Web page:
When using a filament based printer, what operator behaviors increase the frequency at which a bed must be relevelled between prints?


2 Answers 2


Mechanical interaction

Operator induced regular actions

When an operator reaches into the machine and operates something on the bed, this can induce errors that slowly accumulate. The most typical operation would be to remove something from the printbed, cleaning the printbed or swapping the printbed wholesale all can result in a slow but steady unleveling.

Regular leveling can counteract this. With good training, you might vet away with once in a dozen or less.

Maintenance of/work on the printhead

During maintenance such as swapping nozzles, checking connections and cleaning the printhead, there is a very high chance that the printbed is touched due to the usually very cramped area one has to work in. For example, it is near impossible not to touch the printed when swapping nozzles on my Ender3, if I want to use my torque screwdriver. This is true even with the Z-Axis at the highest position, due to the dimensions of my torque screwdriver.

By virtue of the work on the printhead, the 0-level is usually thrown off anyway, and as such a relevel is always in order after any printhead maintenance more invasive than cleaning the fan ducts.

Avoiding nozzle swaps unless necessary can reduce the workload - it might be cheaper in the long term to have two machines with different setups than one machine where you swap the nozzle for each print - unless you charge for the accompanying work on the setup change.

Operator induced irregular actions

There are cases where the operator did not plan to operate in the area of the printbed but actually might impact it by reckless or accidental action. In other words: accidents happen, tools drop onto the printbed and hands end there if an operator stumbles.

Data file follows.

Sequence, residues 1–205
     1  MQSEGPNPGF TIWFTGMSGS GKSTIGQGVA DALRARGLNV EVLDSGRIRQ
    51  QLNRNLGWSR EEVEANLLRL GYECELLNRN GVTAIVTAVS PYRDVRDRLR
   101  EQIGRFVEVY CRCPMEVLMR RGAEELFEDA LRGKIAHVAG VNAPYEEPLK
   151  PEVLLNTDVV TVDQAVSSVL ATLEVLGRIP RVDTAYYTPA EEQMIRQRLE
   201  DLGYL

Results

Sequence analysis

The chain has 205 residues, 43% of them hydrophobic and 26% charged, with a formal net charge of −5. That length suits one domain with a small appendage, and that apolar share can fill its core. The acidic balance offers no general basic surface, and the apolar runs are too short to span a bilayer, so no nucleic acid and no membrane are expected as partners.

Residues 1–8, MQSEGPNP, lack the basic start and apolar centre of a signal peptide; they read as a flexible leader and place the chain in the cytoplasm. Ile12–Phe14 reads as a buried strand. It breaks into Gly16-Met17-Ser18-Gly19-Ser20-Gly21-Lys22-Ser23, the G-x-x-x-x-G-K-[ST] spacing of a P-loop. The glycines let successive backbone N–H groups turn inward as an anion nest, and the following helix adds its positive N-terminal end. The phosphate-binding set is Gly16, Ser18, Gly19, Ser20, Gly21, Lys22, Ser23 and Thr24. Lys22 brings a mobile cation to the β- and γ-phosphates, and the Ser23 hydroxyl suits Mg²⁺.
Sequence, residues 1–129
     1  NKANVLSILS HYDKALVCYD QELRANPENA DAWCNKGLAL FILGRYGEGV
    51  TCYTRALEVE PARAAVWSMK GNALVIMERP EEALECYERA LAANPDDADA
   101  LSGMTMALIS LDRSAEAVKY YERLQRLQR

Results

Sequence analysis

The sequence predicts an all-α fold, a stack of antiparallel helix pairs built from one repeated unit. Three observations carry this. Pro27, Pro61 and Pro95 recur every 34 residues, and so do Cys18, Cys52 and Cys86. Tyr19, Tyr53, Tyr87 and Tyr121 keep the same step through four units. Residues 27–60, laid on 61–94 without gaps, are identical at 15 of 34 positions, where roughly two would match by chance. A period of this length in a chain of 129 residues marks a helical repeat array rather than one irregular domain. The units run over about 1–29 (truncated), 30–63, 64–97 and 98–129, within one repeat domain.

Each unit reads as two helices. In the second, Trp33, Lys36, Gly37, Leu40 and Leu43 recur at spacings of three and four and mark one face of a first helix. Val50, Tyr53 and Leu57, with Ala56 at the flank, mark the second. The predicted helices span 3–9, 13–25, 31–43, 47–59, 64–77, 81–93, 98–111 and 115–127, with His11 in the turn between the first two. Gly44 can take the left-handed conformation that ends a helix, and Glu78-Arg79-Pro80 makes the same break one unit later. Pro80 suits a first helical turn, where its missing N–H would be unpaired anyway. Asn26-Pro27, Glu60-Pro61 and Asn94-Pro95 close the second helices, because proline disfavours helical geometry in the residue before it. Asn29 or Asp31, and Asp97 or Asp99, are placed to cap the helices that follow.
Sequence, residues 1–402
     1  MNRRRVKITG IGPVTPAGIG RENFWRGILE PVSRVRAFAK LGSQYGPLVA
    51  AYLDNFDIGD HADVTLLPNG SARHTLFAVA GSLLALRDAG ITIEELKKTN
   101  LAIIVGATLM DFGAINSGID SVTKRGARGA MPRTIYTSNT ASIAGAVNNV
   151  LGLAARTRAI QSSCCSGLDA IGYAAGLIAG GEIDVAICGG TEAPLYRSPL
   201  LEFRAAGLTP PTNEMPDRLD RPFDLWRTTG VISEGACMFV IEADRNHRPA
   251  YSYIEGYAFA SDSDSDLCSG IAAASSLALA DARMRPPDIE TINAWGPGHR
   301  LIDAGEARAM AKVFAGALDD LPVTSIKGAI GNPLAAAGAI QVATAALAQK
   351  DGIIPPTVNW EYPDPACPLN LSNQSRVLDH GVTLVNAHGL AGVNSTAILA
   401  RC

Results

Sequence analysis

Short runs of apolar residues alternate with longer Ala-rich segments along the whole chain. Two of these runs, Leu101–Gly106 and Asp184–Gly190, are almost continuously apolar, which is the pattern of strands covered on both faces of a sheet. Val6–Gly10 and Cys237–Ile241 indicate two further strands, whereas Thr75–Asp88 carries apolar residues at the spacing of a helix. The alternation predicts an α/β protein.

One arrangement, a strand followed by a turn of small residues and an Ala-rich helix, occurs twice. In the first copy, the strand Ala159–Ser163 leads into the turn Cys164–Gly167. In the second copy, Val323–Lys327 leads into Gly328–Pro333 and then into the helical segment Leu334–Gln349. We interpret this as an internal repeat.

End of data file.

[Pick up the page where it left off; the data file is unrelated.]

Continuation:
While releveling might not be necessary after all such accidental contacts, occasionally checking it and fixing it is good practice.

Mechanical failure

The way you test and maintain your Z-level is paramount in how often you need to validate the Z-level. If your springs are too strong and push the leveling knobs off on their own or your Z-sensor is mounted only weakly, then these create problems on their own.

Note that even in normal operation, the oscillation of the printer will make any bolt under stress that is not glued in place or jammed in tight loosen a little over time. This does include the bed leveling knobs.

  • $\begingroup$ Agree wholeheartedly with the last paragraph above. Replacing my original bed leveling nuts with knobs incorporating Nylock nuts reduced the frequency of needing to relevel by at least a factor of ten. $\endgroup$
    – allardjd
    Commented May 18, 2022 at 14:16

The only ones I have found are.

Manually putting pressure on the bed when removing prints.

Removing the bed covering, eg a glass plate

Damaging the bed in some way. For example my bed has high spots on it (always has). This means that if I remove the glass plate I use and put it back, it sits slightly different. If I orient the glass a different way from prior it always needs levelling.

Changing filament types.

Changing cover types eg magnetic and glass are different thicknesses.

Changing first layer needs. Sometimes I need the first layer squished a bit depending what I'm doing.

Lastly on my Ender 3 Pro if the z-axis switch isn't screwed in tight enough it can slip down a fraction.


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